This has emerged in research by Lloyds Bank.
With 80% of over-55s saying that they don't have a power of attorney - a legal document giving one person the power to act for another person - in place, Lloyds is encouraging all ages to start thinking about the future, to ensure peace of mind.
Almost three in 10 people think a power of attorney is only put in place after they become ill.
However, Lloyds says a person must be capable of making their own decisions to set up a power of attorney, so leaving it until an illness or an accident occurs could be costly.
Worryingly, eight in 10 adults over 55 do not have a power of attorney in place for themselves, with 69% of this age group also not acting as an attorney for someone else.
Overall, almost a fifth of all respondents said they didn't know when the right time is to put an attorney in place for themselves, rising to a quarter of 35-44-year-olds.
A fifth of Britons also don't know when it's the right time to set up a power of attorney for someone else.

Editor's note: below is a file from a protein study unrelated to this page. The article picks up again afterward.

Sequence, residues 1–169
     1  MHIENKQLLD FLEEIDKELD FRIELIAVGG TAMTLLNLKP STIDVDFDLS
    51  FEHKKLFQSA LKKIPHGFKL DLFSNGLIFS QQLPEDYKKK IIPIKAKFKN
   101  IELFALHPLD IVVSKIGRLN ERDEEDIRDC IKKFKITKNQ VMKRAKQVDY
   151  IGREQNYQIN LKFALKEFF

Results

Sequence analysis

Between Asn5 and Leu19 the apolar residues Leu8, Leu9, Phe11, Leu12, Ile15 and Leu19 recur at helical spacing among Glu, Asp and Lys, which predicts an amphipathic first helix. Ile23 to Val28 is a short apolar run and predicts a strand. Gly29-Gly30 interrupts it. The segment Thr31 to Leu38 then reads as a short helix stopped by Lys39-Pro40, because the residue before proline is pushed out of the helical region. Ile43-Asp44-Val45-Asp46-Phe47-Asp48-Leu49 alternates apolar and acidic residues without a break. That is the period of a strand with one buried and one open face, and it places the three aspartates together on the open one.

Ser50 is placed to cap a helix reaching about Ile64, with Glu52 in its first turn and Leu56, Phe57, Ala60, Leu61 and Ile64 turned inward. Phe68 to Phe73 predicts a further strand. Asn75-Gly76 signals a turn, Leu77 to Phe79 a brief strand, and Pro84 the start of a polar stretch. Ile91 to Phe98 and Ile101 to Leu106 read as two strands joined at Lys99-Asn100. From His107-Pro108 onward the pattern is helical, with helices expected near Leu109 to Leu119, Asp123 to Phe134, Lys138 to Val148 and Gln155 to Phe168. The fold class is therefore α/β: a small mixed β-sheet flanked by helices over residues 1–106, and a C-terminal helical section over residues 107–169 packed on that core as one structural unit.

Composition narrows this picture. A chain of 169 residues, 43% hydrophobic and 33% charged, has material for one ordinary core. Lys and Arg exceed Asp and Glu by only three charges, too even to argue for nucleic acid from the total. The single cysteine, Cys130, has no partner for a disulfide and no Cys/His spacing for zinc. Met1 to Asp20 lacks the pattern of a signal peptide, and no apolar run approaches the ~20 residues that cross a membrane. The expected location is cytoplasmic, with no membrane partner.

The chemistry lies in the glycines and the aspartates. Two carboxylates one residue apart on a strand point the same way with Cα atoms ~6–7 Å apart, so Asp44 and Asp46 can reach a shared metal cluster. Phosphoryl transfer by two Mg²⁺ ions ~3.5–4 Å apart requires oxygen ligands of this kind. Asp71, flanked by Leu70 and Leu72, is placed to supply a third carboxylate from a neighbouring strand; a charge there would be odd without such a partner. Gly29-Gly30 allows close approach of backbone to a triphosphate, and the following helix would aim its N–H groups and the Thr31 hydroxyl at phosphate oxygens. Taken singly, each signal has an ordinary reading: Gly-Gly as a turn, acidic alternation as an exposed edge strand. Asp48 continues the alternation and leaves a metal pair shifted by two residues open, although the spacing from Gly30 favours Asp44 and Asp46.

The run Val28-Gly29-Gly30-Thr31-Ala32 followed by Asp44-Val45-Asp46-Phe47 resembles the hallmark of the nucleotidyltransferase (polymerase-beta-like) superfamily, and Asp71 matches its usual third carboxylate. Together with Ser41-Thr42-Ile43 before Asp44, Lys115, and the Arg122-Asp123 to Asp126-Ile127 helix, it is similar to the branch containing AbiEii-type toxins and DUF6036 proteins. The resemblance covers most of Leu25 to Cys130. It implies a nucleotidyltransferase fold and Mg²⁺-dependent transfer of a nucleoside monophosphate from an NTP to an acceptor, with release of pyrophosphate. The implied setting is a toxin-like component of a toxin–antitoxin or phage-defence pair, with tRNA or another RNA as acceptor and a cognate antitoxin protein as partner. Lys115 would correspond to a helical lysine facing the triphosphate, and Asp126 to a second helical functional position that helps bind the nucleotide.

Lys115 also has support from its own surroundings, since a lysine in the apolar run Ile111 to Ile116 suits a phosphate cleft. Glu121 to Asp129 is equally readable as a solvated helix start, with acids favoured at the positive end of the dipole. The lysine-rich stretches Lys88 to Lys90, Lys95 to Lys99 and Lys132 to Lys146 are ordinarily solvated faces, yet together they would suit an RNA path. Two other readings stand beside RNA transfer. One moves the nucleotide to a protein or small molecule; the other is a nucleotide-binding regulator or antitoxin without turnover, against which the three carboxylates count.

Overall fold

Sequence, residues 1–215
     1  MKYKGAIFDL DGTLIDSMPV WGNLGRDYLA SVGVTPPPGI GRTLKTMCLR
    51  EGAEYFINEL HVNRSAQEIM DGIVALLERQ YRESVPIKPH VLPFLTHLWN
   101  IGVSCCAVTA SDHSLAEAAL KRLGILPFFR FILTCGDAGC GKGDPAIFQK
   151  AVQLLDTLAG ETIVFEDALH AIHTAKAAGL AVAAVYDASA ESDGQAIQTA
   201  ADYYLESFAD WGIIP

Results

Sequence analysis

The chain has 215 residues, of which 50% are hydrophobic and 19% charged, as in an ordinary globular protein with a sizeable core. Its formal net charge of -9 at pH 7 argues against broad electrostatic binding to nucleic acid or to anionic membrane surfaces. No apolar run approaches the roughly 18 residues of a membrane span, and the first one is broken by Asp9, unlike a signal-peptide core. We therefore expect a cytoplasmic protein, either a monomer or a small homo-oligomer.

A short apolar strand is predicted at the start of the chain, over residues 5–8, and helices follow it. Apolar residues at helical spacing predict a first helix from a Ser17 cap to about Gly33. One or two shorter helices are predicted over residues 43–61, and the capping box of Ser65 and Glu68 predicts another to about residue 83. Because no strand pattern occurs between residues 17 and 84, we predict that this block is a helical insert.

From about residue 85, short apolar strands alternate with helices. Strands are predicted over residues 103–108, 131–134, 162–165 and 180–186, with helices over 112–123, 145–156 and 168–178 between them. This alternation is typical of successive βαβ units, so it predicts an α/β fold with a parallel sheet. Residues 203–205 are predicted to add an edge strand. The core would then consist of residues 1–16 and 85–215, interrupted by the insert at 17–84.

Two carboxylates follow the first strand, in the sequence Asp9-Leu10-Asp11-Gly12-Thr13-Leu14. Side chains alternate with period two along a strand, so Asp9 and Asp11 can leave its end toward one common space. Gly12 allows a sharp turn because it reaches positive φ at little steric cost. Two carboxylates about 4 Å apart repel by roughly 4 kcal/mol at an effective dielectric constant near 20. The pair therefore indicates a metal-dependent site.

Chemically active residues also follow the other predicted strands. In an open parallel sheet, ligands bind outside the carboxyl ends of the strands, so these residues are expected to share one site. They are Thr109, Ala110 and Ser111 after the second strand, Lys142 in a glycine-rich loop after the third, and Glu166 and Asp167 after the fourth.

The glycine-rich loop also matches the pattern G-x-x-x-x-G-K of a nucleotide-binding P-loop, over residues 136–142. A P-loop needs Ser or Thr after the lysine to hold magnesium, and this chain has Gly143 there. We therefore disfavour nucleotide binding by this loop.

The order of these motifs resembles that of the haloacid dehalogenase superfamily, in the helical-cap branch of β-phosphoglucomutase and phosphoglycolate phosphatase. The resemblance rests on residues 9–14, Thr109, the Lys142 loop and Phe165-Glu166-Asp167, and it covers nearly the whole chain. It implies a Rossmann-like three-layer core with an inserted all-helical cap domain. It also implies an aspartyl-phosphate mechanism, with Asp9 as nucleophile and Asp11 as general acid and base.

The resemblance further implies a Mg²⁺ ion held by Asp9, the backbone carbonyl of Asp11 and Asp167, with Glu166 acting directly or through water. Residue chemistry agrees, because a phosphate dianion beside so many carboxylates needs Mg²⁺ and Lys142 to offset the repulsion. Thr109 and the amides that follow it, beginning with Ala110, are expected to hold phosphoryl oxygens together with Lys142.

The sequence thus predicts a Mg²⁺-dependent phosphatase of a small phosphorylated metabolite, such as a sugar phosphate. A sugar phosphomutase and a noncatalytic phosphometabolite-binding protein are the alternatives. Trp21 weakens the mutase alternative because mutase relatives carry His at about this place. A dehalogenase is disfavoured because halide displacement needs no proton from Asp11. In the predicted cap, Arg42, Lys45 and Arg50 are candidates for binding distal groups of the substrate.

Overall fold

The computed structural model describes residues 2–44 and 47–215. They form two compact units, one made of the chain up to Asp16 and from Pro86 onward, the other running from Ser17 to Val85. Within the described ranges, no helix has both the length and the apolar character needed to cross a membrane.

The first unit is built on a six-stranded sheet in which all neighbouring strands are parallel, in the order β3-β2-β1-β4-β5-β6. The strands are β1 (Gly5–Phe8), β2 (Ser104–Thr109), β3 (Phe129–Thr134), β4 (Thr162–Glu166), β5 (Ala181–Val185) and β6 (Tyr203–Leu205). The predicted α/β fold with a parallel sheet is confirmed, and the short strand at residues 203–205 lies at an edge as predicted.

That's why Lloyds is encouraging people to start thinking about this issue earlier, not only for themselves, but also for family members.
Nicola Bannister, of customer financial assistance at Lloyds Bank, said:
"The idea of arranging a power of attorney - for yourself, or helping someone else - may feel daunting. It's not the sort of thing we talk about every day, and our research shows that many of us are not confident in our knowledge of the types of power of attorney or the costs involved.
"Broaching the subject of setting up a power of attorney can be tricky but it's worth finding the right time to discuss it with your loved ones, as it is a lot easier to discuss and arrange these things in advance of needing them, rather than at a time where things may be difficult for yourself or a family member."
The new research from Lloyds found that nearly two-thirds of UK adults are unable to explain the authority a power of attorney grants, with a quarter unaware of the difference between a will and a power of attorney.
The Law Society of Scotland says a power of attorney is a way of giving someone else permission to make decisions about your money and property, as well as your health and personal welfare.
It usually sets out what you would want to happen in the future if you could no longer look after your own affairs. In some circumstances, you can choose for it to start immediately.
As a power of attorney gives legal authority for someone else to act on your behalf, it is important to take advice from a solicitor.